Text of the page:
Terrific! New Batman! Basic Batman! Fighting guys, detecting, gadgets! Sure the team is Dick Grayson and Damien but so what? Batman and Robin chase down a guy named Mr. Toad in their flying Batmobile - this is enough for me.

Morrison’s doing a helluva job here: he’s unleashing some of his trademark weirdness but it’s focused and channeled into making the bad guys suitably freakishly weird for a Batman yarn. Meanwhile, Dick Grayson is easing into the Bat-role and Damien is happily not just a one-note spoiled brat. He’s a good addition to the Bat-team, that Damien. I’m sure that Tim Drake would have fit quite snugly into the role of Robin in this series but there have been a veritable legion of stories featuring Nightwing and Robin palling around. I certainly hope that Tim has some role in the Bat-books but this Damien thing is definitely pregnant with story potential.

Good job, DC. I was extraordinarily skeptical at first but it looks like you pulled it off: you broke down Batman and then killed him off in a very heroic manner while still leaving open the possibility of his return, you churned up Gotham and established the status quo with the whole Battle for the Cowl brouhaha and you started fresh with a new Batman and Robin without having to resort to retcon or reboot. I mean, if any character needed some sort of massive change and was more resistant to it thanks to the baggage surrounding him then I can’t name ‘em, and only one really shitty series in the bunch!

Oh, and Quitely’s art is both great and very much contributing to the fresh feeling of the whole thing. I’m foregoing my normal cautious optimism for the full-blown, rose-coloured, glass-half-full, uncut real stuff. Don’t break my heart, guys.

Jersey Gods No. 5 - I like this comic so much - I wish I had new good things to say about it. It’s still astonishingly fun epic/cosmic Kirby-esque but not Kirby-derivative stuff, full of action and fun. Much like the best Kirby stuff, I want to find out more of the history of the gods of Neboron, so I’m happy to see that the historical backup story is returning next issue, especially as the story looks to be moving to Earth for a time. Important Question: when Fusion and Union join… what the heck do they call themself?

Strange Adventures No. 4 (of 8) - Nothing new to say, really. Still a fun comic; still all spacey. The most impressive thing about this issue was the backup story, which supplied Lady Styx with an origin and thus made it possible for me to give two craps about her. Seriously, she was almost painfully generic before. Is there hope for her now? Possibly.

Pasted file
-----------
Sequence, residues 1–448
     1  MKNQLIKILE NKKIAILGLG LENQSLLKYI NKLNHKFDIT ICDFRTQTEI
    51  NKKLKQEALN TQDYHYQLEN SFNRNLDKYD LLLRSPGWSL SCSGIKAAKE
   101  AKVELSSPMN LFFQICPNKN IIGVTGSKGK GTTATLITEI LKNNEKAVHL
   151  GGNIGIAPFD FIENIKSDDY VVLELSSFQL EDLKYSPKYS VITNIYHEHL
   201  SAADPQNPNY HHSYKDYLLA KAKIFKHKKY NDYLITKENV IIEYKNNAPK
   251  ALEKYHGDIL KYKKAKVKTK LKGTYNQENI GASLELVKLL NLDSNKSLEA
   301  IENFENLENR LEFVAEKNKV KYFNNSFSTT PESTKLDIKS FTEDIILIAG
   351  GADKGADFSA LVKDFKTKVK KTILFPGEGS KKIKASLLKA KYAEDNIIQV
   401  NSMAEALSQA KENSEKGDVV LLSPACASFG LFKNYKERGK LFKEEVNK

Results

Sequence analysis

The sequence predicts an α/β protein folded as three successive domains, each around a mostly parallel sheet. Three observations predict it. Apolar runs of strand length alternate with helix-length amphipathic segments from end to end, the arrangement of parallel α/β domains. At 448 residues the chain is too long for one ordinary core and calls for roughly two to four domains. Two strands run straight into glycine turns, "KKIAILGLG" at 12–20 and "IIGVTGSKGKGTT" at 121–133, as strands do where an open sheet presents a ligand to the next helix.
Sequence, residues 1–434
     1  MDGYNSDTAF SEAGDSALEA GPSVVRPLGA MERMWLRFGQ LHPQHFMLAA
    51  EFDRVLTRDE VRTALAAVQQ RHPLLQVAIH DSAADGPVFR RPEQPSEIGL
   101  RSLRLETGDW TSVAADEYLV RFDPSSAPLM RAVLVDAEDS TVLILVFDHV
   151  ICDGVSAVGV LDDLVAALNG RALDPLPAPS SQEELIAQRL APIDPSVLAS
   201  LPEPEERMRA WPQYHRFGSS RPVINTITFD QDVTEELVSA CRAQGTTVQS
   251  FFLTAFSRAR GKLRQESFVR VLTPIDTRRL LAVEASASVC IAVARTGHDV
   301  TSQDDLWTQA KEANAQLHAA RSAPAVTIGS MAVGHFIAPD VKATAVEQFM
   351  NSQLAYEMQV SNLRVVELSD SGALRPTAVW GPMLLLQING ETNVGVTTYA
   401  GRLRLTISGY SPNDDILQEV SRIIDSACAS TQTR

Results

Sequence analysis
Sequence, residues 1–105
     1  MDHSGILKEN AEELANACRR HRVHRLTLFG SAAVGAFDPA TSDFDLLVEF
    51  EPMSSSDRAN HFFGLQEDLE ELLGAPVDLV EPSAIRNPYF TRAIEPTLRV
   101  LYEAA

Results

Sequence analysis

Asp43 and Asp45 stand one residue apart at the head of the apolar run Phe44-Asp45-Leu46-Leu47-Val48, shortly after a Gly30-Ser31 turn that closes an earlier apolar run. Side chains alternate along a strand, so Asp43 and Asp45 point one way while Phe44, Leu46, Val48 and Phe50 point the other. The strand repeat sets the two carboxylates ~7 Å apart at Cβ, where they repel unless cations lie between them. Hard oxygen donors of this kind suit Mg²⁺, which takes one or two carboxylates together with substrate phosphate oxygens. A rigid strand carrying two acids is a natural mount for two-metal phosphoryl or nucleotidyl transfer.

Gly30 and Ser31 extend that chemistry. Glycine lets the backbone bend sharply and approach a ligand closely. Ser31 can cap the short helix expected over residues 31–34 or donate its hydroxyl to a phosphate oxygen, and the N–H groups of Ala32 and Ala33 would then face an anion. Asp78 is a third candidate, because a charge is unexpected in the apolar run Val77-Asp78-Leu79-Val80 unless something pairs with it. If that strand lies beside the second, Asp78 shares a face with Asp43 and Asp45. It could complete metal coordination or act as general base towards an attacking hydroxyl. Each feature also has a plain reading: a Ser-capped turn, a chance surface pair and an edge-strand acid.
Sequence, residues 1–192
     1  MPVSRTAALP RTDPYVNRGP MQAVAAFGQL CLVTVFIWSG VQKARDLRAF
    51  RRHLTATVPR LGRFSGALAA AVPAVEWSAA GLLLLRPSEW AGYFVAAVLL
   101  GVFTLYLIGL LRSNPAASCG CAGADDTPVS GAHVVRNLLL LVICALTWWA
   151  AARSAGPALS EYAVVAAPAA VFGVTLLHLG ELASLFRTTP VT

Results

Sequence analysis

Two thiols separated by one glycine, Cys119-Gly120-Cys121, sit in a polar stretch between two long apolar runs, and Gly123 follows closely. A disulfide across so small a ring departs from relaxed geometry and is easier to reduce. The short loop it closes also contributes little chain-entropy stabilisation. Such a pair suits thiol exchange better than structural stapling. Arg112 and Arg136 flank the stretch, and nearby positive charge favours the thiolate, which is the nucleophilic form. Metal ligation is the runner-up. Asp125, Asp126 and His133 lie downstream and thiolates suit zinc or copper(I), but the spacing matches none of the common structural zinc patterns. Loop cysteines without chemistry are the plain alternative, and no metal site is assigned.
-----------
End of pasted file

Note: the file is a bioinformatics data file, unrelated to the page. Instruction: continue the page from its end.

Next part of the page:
Irredeemable No. 3 - We get a little closer to the reasons for The Plutonian’s breakdown and turn to wicked evil. There’s no sign of this comic losing momentum, folks. Now: can I figure out what’s going on before it’s explicitly spelled out for me?

Final Crisis Aftermath: Run! No 2 (of 6) - Well well well… I was liking this before and I like it even more now. I was expecting a steady slide into desperation and hardship for old Mr. Human Flame but it looks like he’s in for more a roller coaster ride, which is great! ZOOM! The depths of degradation! ZOOM! The heights of joy! ZOOM! Back down again! Plus (and he’s on the cover so it’s only a semi-spoiler) General Immortus, who doesn’t get used enough, and Condiment King, who definitely doesn’t get used enough. It absolutely makes sense for a world full of superhumans to have super-losers, and Condiment King is possibly my fav’rit.

Okay, I have company so this is it. I might write more about this stuff later so I'll list what else I bought this week. If you really care what I think, come back in a day or so. Maybe.

I did it! Compulsive behavior, yay!

Captain Blood No. 1

It’s a good sign when an adaptation makes me want to read the original work. Okay, I guess sometimes it’s because the adaptation is so bad - Postman the movie, I’m looking at you - but in this case I just want to check out the aspects of the story that had to be left out in order to fit the comic book format.

If you have an irrational fear of black and white comics, I guess that you should avoid this one, but I also thumb my nose at you. Michael Shoyket is the man on art here and his style is looking goooooood sans colour. Actually, this might be one of those “sketch variants” that I hear so much about nowadays (uh, that Tiina mentioned that one time last week, rather), as the art is uninked as well, so don’t blame me if you buy a copy and it’s all colourful and stuff.